Deerhunter saves the world! Wouldn’t that be nice? All the ragged dreams of a future in which guitar-driven rock music rules the airwaves rest on the shoulders of just a few daring artists. Bradford Cox and his gang are among them. They may have toned down the guitars a bit versus past recordings but unlike so may Indie bands who have almost completely eschewed the instrument (Metric, Wye Oak) Deerhunter will not be swayed by all the EDM in the world. They are a rock band. But beyond that they are a particularly squirrelly band to pin down. Ambient sounds rub elbows with Krautrock, jangly power pop gives way to bouts psychedelic catharsis. Just how relevant any of this is in 2019 is hard to say. But we need a champion (damn it) and any band that predates the turn of the century need not apply. This fight is too important for the oldies crowd. We need fresh voices.
Deerhunter has never been content to stay in one place for too long. That restless spirit beckons us to “Come on down off that cloud/And cast your fears aside” on the harpsichord-heavy opener “Death In Midsummer.” As the song builds up from its humble start there’s a jarring guitar solo that feels out of place, almost disoriented in its fuzz toned glory. Cox repeats “I walk around and I see what’s faded” at the end and one can’t help but recall the title of their last album: 2015’s brilliant Fading Frontiers. Also produced by Ben E. Allen, this new record has all the hallmarks of Allen’s craft but without the watery, aquatic effects. Why Hasn’t Everything Already Disappeared? is more earthbound. As if aware of this shift there’s even a song called “Elemental”. This is supposed to be a sci-fi story about the present but it plays out exactly as the band’s press release tells us how not to relate to it: The Kinks record with Bowie in 1977 Berlin. If that sounds good to you (oh, it does for me!) then this might be your thing.
As appealing as side one is, the back end of Disappeared is much moodier as befits any honest observation of the current state of the world. Spoken word and glacial synths greet us with the bizarre “Detournement.” Things pick up with the breezy, hook-laden next track, “Futurism”, but get very messy thereafter. The one and only Lockett Pundt song (“Tarnung”) is more Peter Gabriel than Lotus Plaza. And this is strange as we can usually count on a couple straight forward Pundt tunes to offset whatever drug-free trip Cox is on. The second single, “Plains”, slides in with a Vampire Weekend, world beat kind of thing. Being that the album was partially recorded in Marfa, Texas the images of open spaces and James Dean hover overhead. It’s a solid tune and, perhaps, points to some new territory for the band to explore down the road.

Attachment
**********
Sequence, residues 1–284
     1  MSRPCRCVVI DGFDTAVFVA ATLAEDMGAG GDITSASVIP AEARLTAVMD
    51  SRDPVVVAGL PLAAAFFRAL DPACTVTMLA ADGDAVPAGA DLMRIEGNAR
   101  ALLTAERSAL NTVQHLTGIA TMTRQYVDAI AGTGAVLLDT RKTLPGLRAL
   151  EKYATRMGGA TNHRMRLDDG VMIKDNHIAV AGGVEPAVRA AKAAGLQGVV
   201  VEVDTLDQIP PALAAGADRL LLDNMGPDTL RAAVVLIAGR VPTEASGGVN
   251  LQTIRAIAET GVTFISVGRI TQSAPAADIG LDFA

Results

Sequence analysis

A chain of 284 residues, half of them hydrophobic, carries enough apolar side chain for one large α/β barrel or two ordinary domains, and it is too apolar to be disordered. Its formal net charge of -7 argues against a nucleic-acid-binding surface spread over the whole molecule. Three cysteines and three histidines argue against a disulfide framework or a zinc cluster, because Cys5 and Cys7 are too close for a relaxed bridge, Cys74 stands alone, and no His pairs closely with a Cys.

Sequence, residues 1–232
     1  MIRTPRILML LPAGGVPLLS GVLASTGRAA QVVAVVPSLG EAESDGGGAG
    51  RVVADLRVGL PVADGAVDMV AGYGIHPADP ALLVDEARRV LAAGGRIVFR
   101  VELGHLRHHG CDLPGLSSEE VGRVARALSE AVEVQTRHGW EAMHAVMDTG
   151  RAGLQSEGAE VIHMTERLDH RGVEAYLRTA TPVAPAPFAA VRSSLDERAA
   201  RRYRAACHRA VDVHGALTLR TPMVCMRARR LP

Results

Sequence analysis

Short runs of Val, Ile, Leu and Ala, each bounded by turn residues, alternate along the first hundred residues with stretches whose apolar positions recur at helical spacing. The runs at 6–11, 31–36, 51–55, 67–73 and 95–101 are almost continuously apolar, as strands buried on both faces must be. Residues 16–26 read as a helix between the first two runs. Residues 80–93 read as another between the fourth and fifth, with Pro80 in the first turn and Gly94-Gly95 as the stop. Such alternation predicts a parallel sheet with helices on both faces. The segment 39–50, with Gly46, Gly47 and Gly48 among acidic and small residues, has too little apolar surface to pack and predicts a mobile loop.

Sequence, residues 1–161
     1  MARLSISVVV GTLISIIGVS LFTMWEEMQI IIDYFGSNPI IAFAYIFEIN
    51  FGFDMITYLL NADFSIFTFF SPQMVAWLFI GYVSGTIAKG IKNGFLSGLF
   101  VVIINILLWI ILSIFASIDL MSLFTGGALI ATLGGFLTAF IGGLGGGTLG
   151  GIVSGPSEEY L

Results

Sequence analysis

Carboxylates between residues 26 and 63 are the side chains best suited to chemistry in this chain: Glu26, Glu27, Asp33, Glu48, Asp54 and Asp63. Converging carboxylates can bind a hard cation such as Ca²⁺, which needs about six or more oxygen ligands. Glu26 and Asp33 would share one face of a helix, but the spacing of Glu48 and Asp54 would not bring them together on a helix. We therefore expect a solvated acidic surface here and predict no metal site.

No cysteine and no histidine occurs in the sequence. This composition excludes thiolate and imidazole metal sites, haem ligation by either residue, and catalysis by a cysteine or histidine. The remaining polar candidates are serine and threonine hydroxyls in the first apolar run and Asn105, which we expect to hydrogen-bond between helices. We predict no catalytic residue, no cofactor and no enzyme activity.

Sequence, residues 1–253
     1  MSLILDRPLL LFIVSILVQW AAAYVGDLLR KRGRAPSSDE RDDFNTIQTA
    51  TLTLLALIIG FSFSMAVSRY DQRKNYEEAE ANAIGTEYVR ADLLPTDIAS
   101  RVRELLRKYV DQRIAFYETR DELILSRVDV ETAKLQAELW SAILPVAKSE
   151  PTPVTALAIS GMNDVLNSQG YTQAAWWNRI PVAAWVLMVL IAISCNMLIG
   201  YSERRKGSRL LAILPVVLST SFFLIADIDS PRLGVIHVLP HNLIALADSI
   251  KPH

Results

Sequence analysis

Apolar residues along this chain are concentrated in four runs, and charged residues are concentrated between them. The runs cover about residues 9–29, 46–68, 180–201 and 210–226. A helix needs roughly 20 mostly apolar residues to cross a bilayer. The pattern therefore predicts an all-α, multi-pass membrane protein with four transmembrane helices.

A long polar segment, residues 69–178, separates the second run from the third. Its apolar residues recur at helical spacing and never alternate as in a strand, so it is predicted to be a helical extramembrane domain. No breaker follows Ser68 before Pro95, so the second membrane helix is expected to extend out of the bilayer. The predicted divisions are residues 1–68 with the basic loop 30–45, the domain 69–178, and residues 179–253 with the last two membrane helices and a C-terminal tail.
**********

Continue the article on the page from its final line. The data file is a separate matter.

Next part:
Whatever these guys choose to do, it’s clear Deerhunter has a special magic that car accidents, the hype machine and untimely deaths cannot derail. This may not be their best LP (I would opt for Microcastle personally) but it is certainly up for debate. Everything that makes them such an exciting band is present and accounted for (cue amp drop!). They’ve just cleaned themselves up a little. Cox has stated that he’s done with his side project, Atlas Sound, for a while to concentrate solely on band music only. That’s good news. Another three years between albums could be disastrous – rock could well and truly be dead by then.
For more of Scot Lade’s music reviews, check out The Fire Note
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